September 5, 2012
Indonesia's 2012 corn imports to fall 35%
Due to high global corn prices, Indonesia's imports may drop by about 35% to two million tonnes this year.
Global grain supplies have been depleted by a devastating drought in the US, the world's top exporter, with US corn futures climbing about 50% since the start of June.
Indonesia overtook Malaysia to become Southeast Asia's largest corn importer last year with 3.1 million tonnes, Tony Kristianto, vice chairman at the Indonesian Corn Board said.
Heavy rains followed by extreme heat in Indonesia, ruined the crop in the main growing areas last year, boosting import numbers.
"Higher prices," Kristianto told Reuters when asked about the reasons for the expected import dip, adding that there may be more plantings in the second half of this year.
"Feed mills are importing at higher prices, so they try and get more local production and pay more."
Southeast Asia's largest economy gets about 60% of its corn imports from Argentina and the US, with India an alternative supplier.
Feed mill demand for corn accounts for about 70% Indonesian consumption of about nine million tonnes per year, added Kristianto, whose group was established 10 years ago.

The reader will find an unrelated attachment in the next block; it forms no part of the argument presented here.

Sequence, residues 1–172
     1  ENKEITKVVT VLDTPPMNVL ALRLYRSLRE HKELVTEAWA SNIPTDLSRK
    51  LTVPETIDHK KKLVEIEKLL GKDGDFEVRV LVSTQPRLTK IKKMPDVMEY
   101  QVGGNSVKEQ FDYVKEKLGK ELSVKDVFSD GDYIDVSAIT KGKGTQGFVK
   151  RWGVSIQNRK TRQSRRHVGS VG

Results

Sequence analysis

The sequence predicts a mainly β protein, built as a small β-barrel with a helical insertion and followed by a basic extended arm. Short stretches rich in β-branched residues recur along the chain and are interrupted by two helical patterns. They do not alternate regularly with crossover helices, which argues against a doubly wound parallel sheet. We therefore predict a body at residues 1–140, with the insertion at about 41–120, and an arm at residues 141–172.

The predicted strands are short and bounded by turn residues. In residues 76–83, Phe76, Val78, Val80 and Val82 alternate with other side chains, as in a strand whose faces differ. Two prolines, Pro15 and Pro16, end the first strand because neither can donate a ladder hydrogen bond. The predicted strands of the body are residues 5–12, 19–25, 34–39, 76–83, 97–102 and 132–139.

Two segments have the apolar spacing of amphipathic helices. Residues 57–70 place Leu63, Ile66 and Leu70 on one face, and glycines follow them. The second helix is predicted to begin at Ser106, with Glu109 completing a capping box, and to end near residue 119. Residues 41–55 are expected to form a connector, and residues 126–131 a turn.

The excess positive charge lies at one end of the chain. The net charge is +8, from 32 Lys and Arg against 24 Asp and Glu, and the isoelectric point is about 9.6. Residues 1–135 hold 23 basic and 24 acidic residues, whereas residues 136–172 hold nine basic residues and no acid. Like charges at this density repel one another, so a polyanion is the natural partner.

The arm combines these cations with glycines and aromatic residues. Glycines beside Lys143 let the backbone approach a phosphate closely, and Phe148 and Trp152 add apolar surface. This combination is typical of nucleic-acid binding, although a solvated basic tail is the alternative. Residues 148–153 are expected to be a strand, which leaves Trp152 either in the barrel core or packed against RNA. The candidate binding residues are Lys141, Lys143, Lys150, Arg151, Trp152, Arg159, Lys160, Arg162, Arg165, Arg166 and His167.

Earlier this year, the Indonesian Feed Mill Association said corn imports would fall by two million tonnes to 1.5 million tonnes, due to a surge in domestic output.
"The outlook is that the US corn price is going higher and we will then follow it," Kristianto said.
In January, Indonesian feed mills paid around IDR2,500 (US$0.26) per kilogramme of corn, but this had now risen to almost IDR3,500 (US$0.37) per kilogramme, Bogor-based Kristianto added.
Rising prices will lead to an increase in slaughtered birds in the poultry industry, while more Indonesians are likely to switch to meat substitutes like tofu and tempe that are cheaper.
Corn output in the archipelago will be between 8-9 million tonnes this year, little changed from last year, added Kristianto, a consultant with more than 25 years experience in the agriculture industry.
Indonesia's main corn crop is usually in the first quarter, with a mid-crop around September.
"Not a big increase," he added. "We have a systemic problem in our country ... in food crops we have problems with land, policy, systems -- the autonomous system in Indonesia ruins all efforts to grow agriculture.
"Central government may have plans or programmes but they cannot be executed because the bupati (district head) doesn't support it."
About 30% of Indonesian corn is grown in East Java, with Central Java, South Sulawesi and North Sumatra among the other producing regions.